Kofi Mframa, Opinions Editor
I sat in the center of the mezzanine, overlooking the stage at the Lyceum Theater. It was my second Broadway show in a year and I had no idea what to expect — my heart was beating with anticipation.
What I didn’t expect was to look down upon a stage that appeared more as a mirror into my own life — recounting an intimate and painful experience I know all too well.
The Pulitzer-winning musical, “A Strange Loop” is as meta as it is radical. It follows an usher named Usher, played by Jaquel Spivey, as he struggles to write his “big Black and queer-ass American Broadway show,” as he calls it in the musical. He battles his intrusive thoughts, manifested into six different characters, and navigates life as a fat, Black and queer man in a world that was never made for him.
The beauty of “A Strange Loop” is its honesty, and though it may have closed on January 15, it lives in me forever. In the past, when I did this much self-reflection I always felt dissatisfied, like I couldn’t find the answers I was looking for. Usher doesn’t even get an answer or solution to his problems at the end of the musical.
The show is raw and unflinching. It’s not afraid to ask the hard questions in search of better answers while tapping into taboos. As a queer, Black man, seeing this vulnerable yet audacious interrogation of identity was awe-inspiring.
As someone who exists in the margins of society, I’ve never engaged with media that dealt with my unique experience with the intersectionality of sexuality and race. So much of the media surrounding LGBTQ+ people tends to homogenize us. But with “A Strange Loop,” the specificity of Usher’s character made me feel like I was watching my own life play out right in front of me.
Like Usher, I watched as my family made homophobic remarks in passing, biting my tongue as to not ruffle any feathers. In the show, Usher’s mom sings, “Man is for woman, and woman for man. The rest is confusion and not in God’s plan.” This is a sentiment I’ve heard my entire life. Watching it happen on stage was like reliving it.
So much of the show gave me the opportunity to look at my past and present with a different lens.
My family knew about my sexuality early on but refused to acknowledge it. Instead, they tiptoed around it, guilting me for the sacrifices they made on my behalf and throwing Bible verses at me in hopes I’d move on from what they believed to be a “phase.”
But I never moved on.
I realized that I’d have to navigate my identities on my own, looking anywhere I could for guidance to overcome the hurdles I’d have to face. One hurdle I wasn’t prepared to face, though, was the difficulty my identities would cause when looking for love.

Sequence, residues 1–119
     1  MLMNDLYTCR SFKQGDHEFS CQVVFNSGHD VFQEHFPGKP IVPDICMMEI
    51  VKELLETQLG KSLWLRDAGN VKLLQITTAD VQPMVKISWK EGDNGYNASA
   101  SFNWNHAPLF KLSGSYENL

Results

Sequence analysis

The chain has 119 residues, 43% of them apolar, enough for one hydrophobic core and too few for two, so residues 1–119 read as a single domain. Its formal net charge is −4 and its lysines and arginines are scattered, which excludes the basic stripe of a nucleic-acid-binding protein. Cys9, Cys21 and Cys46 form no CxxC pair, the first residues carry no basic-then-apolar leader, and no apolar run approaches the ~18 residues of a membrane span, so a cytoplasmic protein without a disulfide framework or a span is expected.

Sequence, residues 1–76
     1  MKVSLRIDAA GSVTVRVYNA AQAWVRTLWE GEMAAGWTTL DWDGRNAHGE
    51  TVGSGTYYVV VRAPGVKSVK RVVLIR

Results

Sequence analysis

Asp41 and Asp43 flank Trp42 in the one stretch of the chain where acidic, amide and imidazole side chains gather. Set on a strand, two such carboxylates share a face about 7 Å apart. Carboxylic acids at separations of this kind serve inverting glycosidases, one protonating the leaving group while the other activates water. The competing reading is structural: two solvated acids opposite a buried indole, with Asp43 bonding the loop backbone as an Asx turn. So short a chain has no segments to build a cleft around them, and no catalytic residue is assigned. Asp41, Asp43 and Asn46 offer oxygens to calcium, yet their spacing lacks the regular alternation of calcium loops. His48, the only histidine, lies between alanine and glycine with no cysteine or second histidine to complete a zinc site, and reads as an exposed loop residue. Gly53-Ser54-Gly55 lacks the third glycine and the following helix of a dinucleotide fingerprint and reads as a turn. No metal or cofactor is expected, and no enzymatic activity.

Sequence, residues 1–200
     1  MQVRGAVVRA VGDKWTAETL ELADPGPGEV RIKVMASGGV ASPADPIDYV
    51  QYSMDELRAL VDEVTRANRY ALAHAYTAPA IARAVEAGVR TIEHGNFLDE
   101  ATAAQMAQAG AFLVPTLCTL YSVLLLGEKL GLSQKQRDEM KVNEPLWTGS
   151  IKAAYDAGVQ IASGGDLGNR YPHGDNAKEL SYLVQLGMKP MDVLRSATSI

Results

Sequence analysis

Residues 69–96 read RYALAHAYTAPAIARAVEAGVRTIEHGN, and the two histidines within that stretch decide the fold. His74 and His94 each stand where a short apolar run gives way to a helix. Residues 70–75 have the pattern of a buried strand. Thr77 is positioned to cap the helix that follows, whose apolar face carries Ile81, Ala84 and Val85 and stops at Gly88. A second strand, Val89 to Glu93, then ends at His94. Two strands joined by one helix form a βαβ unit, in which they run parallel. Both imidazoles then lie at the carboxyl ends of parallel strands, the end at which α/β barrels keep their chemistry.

Many discussions surrounding queer hardships mostly focus on external, societal homophobia. We’ve just begun to have conversations about the hardships we as queer people place on each other. We, like our hetero counterparts, allow patriarchal and white supremacist ideologies to run rampant in our community, causing us to worship traditional definitions of beauty and mistreat those who exist outside of its confines.
The musical spends a lot of time pulling back the curtain on these politics of desirability. It examines what it’s like to exist in a body that isn’t praised by society and the physical and emotional toll that takes. As a fat, black man in the queer community, Usher isn’t found desirable under these archaic paradigms of beauty. Thus, he is subjected to ridicule by his own community and is left feeling lonely and unwanted.
His pleas for love and affection go unrequited. He only receives attention from men who dehumanize him and fetishize him sexually.
It’s an experience I understand deeply. I’d spend hours in the mirror picking myself apart, wondering why I couldn’t have the love my peers attained so easily – wondering why I wasn’t desired like them. I resented my appearance for years. I was so angry at the world that I directed that anger at myself, allowing my thoughts of doubt and self-loathing to consume me whole.
It’s a painful thing to experience and even more so to share. But as a sympathetic ear tells Usher in the musical, “If you’re not scared to write the truth, it’s probably not worth writing and if you’re not scared of living the truth, then it’s probably not worth living.”
Sometimes the answers we’re looking for never reveal themselves, sometimes they don’t even exist. Sometimes we are left with the pain circling our heads like spokes on a wheel as we look to life for answers. Sometimes, we’re left in the same place we started but with a new perspective. It’s all a cyclical paradox, and no matter what, we find ourselves at the center of this strange loop.